When I was younger, my body consistently changed. I don’t think there was one year before 3rd grade where it ever looked the same, but why would it? I was a growing girl, and even though it didn’t add up in the height factor… it added in some other places. In third grade, I got my first bra and I hated it. It was a normal part of growing up, but I never paid attention to my chest before, and it felt weird to know something about me was changing. As people’s bodies prepare for their menstrual cycles, things obviously change, and for me, my chest got…bigger. I was short, so it was easy to overlook them, or at least that’s what everyone told me. The buttons on my shirt had these weird spaces between them even if I buttoned it up all the way, and all my shirts suddenly felt tighter, especially with the new bras. I remember crying because my mom made me size all my shirts up (which there’s nothing wrong with, but all my friends were size small and questioned my constant change in clothes which I didn’t understand either).
I wasn’t allowed to wear v-necks or two pieces because I was told: “It wasn’t appropriate.” But to this day I wonder, why wouldn’t it be appropriate for a 12-year-old to wear whatever they wanted? I began to grow into my body a little more, but that got me some unsolicited attention. My male friends who I had known for years began to squeeze me tighter in hugs and laughed when I walked away. The year I found out some people actually liked that part of a woman’s body, I began to try and view it in a positive light and attempted to wear things that highlighted them, but it was still a terrible mentality to have. People always looked down my shirt, but I was the one who got in trouble when I wore tighter things because they seemed “provocative” or “sexy” on me. Why would I want to seem sexy in 7th grade? That was the year I only wore hoodies, even when it was 80 degrees.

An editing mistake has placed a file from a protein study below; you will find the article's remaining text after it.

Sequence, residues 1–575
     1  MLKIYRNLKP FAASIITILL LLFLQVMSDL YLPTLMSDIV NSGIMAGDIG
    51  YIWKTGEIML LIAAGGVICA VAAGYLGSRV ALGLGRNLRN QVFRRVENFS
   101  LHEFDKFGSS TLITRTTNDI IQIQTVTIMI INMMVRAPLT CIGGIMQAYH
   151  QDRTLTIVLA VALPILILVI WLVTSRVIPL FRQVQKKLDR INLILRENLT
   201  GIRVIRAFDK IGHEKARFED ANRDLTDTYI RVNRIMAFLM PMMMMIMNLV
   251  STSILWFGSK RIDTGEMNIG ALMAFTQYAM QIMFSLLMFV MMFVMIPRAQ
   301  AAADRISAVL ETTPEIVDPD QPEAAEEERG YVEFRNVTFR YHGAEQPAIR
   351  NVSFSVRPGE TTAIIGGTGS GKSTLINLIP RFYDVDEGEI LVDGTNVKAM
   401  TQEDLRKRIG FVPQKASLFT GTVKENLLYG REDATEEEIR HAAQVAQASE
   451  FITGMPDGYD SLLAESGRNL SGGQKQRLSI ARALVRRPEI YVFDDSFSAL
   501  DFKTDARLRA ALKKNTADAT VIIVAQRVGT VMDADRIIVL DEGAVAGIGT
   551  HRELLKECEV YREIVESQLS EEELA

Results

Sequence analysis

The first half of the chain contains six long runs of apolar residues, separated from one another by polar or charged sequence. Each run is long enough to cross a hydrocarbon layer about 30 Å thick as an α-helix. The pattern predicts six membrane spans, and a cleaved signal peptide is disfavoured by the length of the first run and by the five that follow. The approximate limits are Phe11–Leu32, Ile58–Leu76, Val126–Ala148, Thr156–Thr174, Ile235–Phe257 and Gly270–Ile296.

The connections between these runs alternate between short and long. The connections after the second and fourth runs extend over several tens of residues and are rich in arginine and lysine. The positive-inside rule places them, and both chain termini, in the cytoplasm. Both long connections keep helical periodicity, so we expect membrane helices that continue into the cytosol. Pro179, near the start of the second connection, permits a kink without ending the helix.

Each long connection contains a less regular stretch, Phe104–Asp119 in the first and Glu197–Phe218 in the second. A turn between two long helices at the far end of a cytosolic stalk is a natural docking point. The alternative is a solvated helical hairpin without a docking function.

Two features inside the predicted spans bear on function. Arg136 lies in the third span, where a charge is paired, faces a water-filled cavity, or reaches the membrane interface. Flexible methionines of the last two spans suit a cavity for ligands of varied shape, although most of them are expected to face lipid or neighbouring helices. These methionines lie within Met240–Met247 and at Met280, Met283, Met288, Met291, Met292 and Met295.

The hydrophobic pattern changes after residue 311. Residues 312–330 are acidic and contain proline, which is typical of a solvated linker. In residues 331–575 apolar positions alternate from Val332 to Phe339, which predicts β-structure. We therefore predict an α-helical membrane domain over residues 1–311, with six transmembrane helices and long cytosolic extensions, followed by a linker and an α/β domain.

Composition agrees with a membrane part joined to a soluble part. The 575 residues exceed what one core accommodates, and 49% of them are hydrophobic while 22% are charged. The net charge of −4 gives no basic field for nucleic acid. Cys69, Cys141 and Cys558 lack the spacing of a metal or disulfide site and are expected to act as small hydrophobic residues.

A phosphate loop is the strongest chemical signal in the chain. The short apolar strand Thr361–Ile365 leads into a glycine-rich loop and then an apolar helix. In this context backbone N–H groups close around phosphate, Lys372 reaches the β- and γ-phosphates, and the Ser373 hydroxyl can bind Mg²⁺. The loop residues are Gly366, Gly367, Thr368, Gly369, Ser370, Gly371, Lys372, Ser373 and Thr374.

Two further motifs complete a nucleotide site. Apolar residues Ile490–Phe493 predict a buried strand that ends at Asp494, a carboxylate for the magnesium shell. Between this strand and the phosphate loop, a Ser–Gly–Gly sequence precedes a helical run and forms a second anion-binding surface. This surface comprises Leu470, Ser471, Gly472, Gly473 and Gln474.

I think a final blow that happened two years ago was when Dress-up as the First Letter of Your Name parties were still trending. A good friend of mine at the time who also happened to share the letter “A” in her name told me her father had told her to dress up as me. I was delighted at the idea until she told laughed while explaining that her father had said she would just need to stuff two large balloons down her shirt. It could have been funny but the awkward silence from everyone who heard said enough. Even afterward, someone approached me and told me they were sorry for what she and her father had said. Imagine that? A grown man — and a father — making fun of someone else’s body.
Obviously, this isn’t meant to be a sob story or a rant. It’s to highlight some of the pressing issues that are happening now about sexualizing girls early. If I had to deal with that, imagine what today’s generation of women and girls will face. This is a call to understand not all bodies look the same, and that’s okay! There should be no reason to apply words like “sexy” to someone who is still wearing clothes from Justice or Children’s Place. We need to work to help younger girls feel comfortable wearing what they want and allow them to just be kids. I am still growing into my body as maybe you are into yours, and if you faced something similar growing up about your weight, height, skin color, or anything else that’s not easy to control, I’m so sorry. Society will always have different perspectives about what body is ideal in that day, month, or year, but what matters is how you feel about your body and that you’re happy with it. I am happier in mine than I was then, and I thank the beautiful women of Her Campus and UT Austin for being so supportive and diverse. The representation matters and so do you, so think before you speak and love yourself. You deserve to be happy!
Also, shout out to my friend Sophia and her article, “My Journey with Dresses” which inspired me to share my story!